Sir Thomas and Maria departed after the breakfast for Mansfield to be followed the next day by Lady Bertram’s party, now expanded to include Frances. She was to join the others at the inn first thing in the morning. Miss Ward slept in her youngest sister’s room that night, and they stayed awake talking well beyond the time they blew out their candles.

“I will miss this room,” Frances said. “I do not love it, and at times I have even hated it as much as the rest of this awful house, but it has been mine long enough to make me sentimental. I wonder if I will see it again?”

“Of course, you will, silly Fanny! You will be back in a few months, and it will be my turn to be gay.”

“You will try your chances in London’s marriage market?”

Miss Ward’s blush went unseen in the dark. “I must do what my uncle requests and try to find a more lofty husband.”

“But you love James!”

“I will overcome it in time,” she replied, not believing a word.

“It will be dreadful being here alone,” Frances lamented. “How shall we stand it? I wish I might come out and marry and never return.”

“It will not be so bad,” her sister said soothingly, but her words were again lies. Alone in the house, Frances would have to report to their uncle, as Miss Ward usually did, and there would be no one to shelter her from his temper and maliciousness. Her sister was determined to find a husband and break the guardianship. As Mr. Ward seemed disinclined to ever allow both ladies to visit Maria at the same time, for certain perverse reasons he would not share, it was the only way to escape.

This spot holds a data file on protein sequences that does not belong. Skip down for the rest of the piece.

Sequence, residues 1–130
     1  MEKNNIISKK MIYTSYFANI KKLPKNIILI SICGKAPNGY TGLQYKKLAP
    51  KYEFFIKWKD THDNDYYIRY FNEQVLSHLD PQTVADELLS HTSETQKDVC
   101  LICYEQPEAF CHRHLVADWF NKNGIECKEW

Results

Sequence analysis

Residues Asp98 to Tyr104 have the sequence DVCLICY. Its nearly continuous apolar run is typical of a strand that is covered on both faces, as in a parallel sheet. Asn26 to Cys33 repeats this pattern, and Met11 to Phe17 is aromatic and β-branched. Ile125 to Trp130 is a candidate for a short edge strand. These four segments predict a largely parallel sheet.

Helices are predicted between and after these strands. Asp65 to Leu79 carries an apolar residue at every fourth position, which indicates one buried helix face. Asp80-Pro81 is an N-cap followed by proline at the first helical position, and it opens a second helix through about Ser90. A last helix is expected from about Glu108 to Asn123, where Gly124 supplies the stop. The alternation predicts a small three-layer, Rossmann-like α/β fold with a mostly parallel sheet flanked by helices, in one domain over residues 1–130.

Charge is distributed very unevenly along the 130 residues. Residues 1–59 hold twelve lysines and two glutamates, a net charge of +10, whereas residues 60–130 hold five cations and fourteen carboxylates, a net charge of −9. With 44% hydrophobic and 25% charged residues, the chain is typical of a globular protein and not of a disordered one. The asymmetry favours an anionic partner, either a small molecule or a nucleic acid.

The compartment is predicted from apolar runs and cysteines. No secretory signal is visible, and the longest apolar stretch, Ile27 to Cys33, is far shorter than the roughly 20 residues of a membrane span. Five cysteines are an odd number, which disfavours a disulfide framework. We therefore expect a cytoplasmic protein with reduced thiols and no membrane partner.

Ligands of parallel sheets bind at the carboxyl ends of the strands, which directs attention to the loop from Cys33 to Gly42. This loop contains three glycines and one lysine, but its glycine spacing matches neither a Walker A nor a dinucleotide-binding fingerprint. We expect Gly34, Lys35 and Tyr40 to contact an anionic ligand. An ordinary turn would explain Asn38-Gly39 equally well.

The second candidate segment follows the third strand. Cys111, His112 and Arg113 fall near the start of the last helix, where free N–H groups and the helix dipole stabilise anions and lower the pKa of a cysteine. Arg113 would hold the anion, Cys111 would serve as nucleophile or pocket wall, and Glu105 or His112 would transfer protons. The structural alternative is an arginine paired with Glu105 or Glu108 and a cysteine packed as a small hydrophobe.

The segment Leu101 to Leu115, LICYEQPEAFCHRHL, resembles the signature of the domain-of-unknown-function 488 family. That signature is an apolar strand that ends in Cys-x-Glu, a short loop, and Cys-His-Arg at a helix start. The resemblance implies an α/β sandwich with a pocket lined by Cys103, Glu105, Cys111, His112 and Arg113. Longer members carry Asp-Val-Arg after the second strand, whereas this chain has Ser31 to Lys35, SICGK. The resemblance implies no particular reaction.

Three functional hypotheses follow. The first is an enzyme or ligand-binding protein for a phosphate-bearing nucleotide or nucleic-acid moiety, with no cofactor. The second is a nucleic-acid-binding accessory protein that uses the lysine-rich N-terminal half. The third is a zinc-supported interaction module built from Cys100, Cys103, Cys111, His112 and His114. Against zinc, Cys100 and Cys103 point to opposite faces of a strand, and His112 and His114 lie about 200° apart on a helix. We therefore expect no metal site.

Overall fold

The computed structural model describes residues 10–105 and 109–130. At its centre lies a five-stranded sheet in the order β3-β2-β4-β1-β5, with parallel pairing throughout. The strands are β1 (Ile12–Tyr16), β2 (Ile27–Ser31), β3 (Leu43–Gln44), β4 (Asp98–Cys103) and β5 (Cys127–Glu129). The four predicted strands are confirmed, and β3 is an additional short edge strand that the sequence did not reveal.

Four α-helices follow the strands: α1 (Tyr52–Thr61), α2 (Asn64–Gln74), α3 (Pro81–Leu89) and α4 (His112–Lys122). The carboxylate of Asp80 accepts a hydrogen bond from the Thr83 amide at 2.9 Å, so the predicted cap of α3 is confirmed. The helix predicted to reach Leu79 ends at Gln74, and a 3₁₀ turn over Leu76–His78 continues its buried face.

“Maybe I might find a husband even without being out. Other sixteen-year-olds have done so. Maria said I could dine with them when they have company, and there are sure to be some eligible young men in the neighborhood.”

“If they are truly eligible and their intentions are good, I am sure Lady Bertram will instruct you accordingly.”

“You mean I could get married if I am asked?”

“Love is a precious and fickle thing. If it comes your way, grab it.”

“I will. Thank you, my dearest sister! What would we all have done without you?” She threw her arms around Miss Ward’s neck affectionately.

And what will I do without you? she thought. I shall find out soon enough.

Frances departed on time in the morning. Despite her late night, she awoke well before she needed to. So excited was she to be leaving Huntingdon, she had little emotion left for a tearful goodbye to her sister, who walked over to the inn to see her off. Their uncle did not join them.

Miss Ward put up a brave front, but a few tears were shed as she embraced Frances a final time. She was suddenly struck by the fear that she would never see her littlest sister again. It took a great deal of resolve to let her go, but she forced her arms to release and stood sentinel until the carriage was out of sight.

Miss Ward spent the first of many horrid dinners alone in her uncle’s company that night. Conversation was sparse, but what was spoken was designed to disconcert her.

“You must feel rather abandoned, I should think. No sisters, no doting lover: how shall your fill your days?”

“I am not one to lack occupation,” she briskly retorted.

“No. You are not. Always managing or coordinating something, you are, and when you bore of it, as you surely will without your sisters to distract you, I imagine there is a servant in need of a scold.” He smiled one of his rare, horrible smiles. “I can see you thirty years hence, the bane of all the servants and tenants in your neighborhood. You will be intrusive and overbearing. Just made for lady of the manor. I was right to send off Richards.” As she had nothing to say in response, he allowed the matter to drop, though references to future meddling in the affairs of nonexistent dependents became a new favorite taunt. It allowed him to remind her of James without actually having to say the poor man’s name.